25-50-100 years ago
September 8, 2011
A century ago, The Aspen Democrat-Times was once again lobbying for the return of a telegraph office:
Here is an opportunity for the Aspen Boosters association to get busy.
For several years, Aspen has had no Western Union office, and therefore had to depend upon the courtesy of the railroad telegraph operator for wire service. While the railroads have been exceedingly kind, there is no satisfaction in such an arrangement.
Now here is where the Boosters can do things:
Mansor Elisha, the jolly proprietor of the Jerome Hotel, offers the large room on the west side free of charge to the Western Union company if it will install a downtown office in Aspen.
Now what more could one ask for a “pull” than free rental. So, get busy Ye Boosters, and boost a bit.
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Talk of a highway over Independence Pass, southeast of Aspen, was frequently in the news a century ago. What would become a highway over McClure Pass, south of Redstone, was also envisioned. The Aspen Democrat-Times offered this update:
Attorney Harold W. Clark, who has just returned from a trip to Hotchkiss and the Muddy country, states that the people in that section are almost unanimous in favor of the state highway route from Twin Lakes to Aspen.
Some of the people over there still hope that the route over the Black Mesa will be decided upon, but they are gradually beginning to understand that this hope will not be realized, and it will only be a short time until they are all pulling for the Granite to Aspen route. In fact, petitions favoring the selection of this route are already in circulation in that section and when filled with signatures will be sent in to the state highway commission.
As there is now a boulevard from Carbondale to Redstone, the people of the western fruit belt will endeavor to have the road leave the Roaring Fork Valley at the first named place, thence up the Crystal River Valley to and above Redstone, going over a low divide into the Muddy and follow the water level down to Grand Junction.
Early snow hit Aspen 50 years ago. The Aspen Times reported:
The snowstorm over the Labor Day weekend, in addition to breaking records, produced changes in summertime routines as well as some oddities.
It was the earliest storm in recent years and the heaviest that even old-time residents can remember.
By Saturday evening, seven inches of snow had fallen in town and there was as much as a foot on cars Sunday morning, with more coming later in the day and on Monday.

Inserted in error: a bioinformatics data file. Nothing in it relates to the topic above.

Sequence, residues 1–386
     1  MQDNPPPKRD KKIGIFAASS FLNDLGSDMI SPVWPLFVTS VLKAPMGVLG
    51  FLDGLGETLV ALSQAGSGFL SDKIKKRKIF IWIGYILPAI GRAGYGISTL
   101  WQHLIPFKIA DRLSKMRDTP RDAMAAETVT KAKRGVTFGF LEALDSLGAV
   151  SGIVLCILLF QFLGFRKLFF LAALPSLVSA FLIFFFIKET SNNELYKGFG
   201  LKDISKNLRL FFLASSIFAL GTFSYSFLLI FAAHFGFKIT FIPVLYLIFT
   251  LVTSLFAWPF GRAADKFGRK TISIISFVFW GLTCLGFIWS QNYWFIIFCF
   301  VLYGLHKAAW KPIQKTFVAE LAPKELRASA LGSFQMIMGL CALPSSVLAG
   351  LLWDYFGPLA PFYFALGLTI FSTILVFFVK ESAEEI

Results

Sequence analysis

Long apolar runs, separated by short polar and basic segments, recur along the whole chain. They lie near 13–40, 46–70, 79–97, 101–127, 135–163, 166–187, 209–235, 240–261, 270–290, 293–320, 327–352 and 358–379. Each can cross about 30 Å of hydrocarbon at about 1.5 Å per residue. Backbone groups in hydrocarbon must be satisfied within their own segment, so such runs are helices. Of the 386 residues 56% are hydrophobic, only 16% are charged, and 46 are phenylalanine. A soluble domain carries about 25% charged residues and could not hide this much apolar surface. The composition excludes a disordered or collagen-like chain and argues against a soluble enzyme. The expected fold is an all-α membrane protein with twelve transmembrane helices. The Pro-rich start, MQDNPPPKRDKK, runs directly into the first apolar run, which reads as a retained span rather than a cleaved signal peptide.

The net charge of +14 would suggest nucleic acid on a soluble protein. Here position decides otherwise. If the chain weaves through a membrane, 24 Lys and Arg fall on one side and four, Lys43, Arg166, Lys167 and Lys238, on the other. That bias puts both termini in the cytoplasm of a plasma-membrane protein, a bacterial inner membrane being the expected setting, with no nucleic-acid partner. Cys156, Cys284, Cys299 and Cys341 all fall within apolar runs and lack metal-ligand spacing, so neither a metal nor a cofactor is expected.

An intrepid jeepster estimated 18 inches on the Pearl Pass road. Others said there were two feet in other parts of the high country.
Over twenty cars were stalled on the Twin Lakes side of Independence Pass Saturday, but occupants were soon rescued. The “closed” sign for the pass was not taken down until Wednesday evening.
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The snow another impact, as reported in the Times:
Two men were hospitalized in Aspen this week from snow blindness as a result of surprise snow storms over the Labor Day weekend.
The two, Joseph Vigil and Joseph Chacon, both sheep herders for Dave and Perry Christensen, Snowmass, suffered eye damage while attempting to bring out the Christensen flocks in the bright sunshine early this week.
The flocks were stranded in over a foot of new snow Monday on Gold Hill above Taylor Pass. Wednesday, the two mounted men found their way down to Ashcroft and were driven to Aspen.
They were admitted to the hospital Wednesday afternoon and are expected to be released today, Sept. 8.
At Toklat lodge, the two credited their horses with finding their way down the snow-covered trail to civilization with almost no help from their blinded riders.
Twenty-five years ago, new plans for a train in the vacated Rio Grande corridor faced opposition. The Aspen Times reported:
Just as the first rail line into Aspen 100 years ago literally split the community in a physical sense, plans for the return of a railroad have split the community in a political sense.
A proposal by the Roaring Fork Railroad Company to build seven miles of track from Woody Creek to Aspen and to run passenger trains on that line has become a divisive element in Aspen.
The focus of the controversy appears to be the strip of asphalt used frequently by joggers, walkers and cyclists that follows the old Rio Grande alignment along the wooded and scenic Roaring Fork River and beneath the flank of Red Mountain, where sit some of the most exclusive homes in the valley.
• • • •
Aspen’s airport had a new manager 25 years ago. The Aspen Times reported:
It has taken almost half a year to fill the position of airport manager, but it seems like Edwin Thurmond is the right man for the job.
Thurmond, 57, comes to Aspen from the Los Angeles County airport system, where he has just resigned as the assistant chief of aviation. Thurmond will start working on Aspen’s problems beginning Nov. 1.
Former airport manager Dick Arnold left the position in April. Since that time, three county officials, Jim Adamski, John Eldert and Ann Bowman, have divided the manager’s duties.